Three years after the start of the Covid-19 pandemic, the North Korean economy is finally showing signs of recovery. This is reported by the Japanese economic newspaper. Nihon Keizai Shimbun, who cleared Chinese customs statistics to report on May 25 that trade between Beijing and Pyongyang reached $684 million (€637 million) between January and April 2023, i.e. “91%” of what they were at the same time in 2019, the publication reveals.
In October 2020, North Korea interrupted the delivery of goods to China by trucks, ships and trains, which drastically reduced its international trade. So resuming this activity is fundamental to its economy, as China is by far North Korea’s largest trading partner, accounting for over 90% of its imports and exports.
Since 2017, North Korea has been under United Nations (UN) sanctions that ban the export of certain products such as coal, steel, and textiles. But “North Koreans are really circumventing these measures” export these goods to China, the newspaper notes. For example, the sending of North Korean workers to China, although banned by the UN, continues:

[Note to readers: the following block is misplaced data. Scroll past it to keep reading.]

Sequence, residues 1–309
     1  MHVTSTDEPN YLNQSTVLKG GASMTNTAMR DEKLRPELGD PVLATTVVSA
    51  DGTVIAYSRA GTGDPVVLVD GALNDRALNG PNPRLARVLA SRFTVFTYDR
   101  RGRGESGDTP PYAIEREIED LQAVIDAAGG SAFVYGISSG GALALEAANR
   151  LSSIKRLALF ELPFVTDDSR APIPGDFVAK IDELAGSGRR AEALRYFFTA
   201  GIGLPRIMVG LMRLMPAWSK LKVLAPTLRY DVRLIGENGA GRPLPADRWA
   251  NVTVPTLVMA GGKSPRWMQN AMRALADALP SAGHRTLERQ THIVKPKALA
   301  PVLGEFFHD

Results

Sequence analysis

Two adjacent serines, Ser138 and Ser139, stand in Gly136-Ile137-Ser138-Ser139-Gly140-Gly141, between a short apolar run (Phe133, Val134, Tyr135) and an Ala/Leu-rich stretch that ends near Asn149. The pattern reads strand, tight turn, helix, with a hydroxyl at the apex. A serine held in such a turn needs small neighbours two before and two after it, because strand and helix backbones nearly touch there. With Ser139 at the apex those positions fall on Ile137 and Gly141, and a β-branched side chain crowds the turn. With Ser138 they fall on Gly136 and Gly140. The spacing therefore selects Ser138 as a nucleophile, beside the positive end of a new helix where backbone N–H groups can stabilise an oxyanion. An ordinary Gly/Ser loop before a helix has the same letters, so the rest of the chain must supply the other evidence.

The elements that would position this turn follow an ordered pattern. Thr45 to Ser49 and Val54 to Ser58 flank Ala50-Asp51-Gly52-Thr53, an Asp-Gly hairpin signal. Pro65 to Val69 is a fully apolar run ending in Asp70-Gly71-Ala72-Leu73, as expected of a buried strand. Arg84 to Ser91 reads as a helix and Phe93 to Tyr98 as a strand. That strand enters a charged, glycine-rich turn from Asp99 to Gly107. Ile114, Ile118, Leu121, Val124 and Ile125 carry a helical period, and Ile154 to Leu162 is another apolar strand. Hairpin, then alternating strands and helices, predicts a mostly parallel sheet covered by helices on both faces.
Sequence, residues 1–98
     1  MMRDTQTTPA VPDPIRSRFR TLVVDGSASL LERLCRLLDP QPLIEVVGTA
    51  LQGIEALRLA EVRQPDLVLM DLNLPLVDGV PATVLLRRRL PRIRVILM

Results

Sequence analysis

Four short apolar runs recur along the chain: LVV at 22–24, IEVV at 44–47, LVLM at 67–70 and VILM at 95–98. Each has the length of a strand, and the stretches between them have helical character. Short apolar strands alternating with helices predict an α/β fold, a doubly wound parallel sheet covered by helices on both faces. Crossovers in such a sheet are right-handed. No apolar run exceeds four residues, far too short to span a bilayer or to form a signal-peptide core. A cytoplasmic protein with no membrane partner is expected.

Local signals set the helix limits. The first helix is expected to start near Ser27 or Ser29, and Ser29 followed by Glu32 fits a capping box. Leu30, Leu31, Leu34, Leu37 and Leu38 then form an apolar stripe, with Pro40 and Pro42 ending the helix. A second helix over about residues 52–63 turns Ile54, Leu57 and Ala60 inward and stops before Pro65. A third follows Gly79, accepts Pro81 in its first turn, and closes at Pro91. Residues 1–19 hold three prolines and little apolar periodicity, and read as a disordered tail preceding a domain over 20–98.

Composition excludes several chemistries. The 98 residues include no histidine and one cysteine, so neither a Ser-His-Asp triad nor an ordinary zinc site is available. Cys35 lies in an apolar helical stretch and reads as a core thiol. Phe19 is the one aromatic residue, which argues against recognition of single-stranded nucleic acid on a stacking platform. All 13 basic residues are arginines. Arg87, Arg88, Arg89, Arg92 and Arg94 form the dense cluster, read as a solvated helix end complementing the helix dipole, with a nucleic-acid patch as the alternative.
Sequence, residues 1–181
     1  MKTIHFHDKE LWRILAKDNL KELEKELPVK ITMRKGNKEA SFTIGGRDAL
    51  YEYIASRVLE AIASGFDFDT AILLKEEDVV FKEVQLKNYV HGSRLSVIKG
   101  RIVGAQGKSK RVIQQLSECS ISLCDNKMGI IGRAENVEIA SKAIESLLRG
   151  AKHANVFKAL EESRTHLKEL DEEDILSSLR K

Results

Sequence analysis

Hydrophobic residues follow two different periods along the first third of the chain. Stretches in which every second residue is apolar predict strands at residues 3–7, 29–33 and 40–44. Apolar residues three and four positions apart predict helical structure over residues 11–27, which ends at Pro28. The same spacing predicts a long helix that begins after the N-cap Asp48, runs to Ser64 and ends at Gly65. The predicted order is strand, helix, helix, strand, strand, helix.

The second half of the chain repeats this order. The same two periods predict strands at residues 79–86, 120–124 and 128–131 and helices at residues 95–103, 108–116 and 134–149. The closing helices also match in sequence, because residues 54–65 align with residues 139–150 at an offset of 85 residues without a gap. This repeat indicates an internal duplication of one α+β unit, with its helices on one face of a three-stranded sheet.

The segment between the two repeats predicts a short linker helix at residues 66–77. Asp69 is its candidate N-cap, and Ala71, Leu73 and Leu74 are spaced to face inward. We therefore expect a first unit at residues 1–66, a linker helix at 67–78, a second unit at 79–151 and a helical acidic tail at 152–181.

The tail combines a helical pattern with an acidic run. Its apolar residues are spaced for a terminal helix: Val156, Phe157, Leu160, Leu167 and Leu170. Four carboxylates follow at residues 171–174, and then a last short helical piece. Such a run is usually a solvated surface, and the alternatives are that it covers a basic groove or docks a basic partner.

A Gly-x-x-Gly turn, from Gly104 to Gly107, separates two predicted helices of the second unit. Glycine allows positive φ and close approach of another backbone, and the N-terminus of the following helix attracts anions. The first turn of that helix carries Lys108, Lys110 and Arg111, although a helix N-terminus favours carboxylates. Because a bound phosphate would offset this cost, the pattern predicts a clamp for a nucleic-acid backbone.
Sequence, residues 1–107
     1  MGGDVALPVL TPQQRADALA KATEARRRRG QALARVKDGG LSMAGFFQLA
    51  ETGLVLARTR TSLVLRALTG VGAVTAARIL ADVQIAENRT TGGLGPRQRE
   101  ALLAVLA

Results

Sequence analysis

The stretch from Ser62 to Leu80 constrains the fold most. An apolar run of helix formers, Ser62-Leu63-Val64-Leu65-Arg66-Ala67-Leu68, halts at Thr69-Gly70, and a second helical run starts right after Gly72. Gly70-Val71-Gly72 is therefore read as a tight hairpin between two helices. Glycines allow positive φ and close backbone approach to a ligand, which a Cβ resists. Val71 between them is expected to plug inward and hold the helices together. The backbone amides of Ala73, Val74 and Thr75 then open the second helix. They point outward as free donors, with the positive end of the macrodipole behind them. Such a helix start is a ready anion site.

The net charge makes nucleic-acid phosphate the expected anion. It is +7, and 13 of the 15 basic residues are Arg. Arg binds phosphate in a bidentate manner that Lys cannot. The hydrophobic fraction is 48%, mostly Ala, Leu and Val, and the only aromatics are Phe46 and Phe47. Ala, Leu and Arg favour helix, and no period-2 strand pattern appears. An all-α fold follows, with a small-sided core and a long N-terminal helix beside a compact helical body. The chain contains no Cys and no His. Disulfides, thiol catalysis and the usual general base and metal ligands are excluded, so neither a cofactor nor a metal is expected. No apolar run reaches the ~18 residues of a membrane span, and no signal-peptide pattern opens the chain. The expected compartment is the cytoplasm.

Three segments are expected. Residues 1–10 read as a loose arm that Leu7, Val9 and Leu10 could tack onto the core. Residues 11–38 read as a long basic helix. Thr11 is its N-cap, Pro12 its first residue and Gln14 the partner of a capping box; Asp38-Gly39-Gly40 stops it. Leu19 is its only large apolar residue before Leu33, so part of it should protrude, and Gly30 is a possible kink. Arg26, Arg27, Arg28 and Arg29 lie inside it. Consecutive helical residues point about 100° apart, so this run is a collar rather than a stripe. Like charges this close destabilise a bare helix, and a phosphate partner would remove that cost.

“It seems that in Dandong [ville chinoise à la frontière nord-coréenne]70,000 to 80,000 North Korean workers work in textile or seafood processing factories.”
While trade has resumed, North Korea’s borders remain closed to all foreigners. “With their fragile healthcare system, the North Korean authorities fear that the resumption of the movement of people could lead to an influx of the virus from China. They are probably thinking about an opening date, focusing on the health situation in China.” explains Mitsuhiro Mimura, an expert on North Korea at Nigata Prefectural University, quoted in the article.
Source: Courrier International
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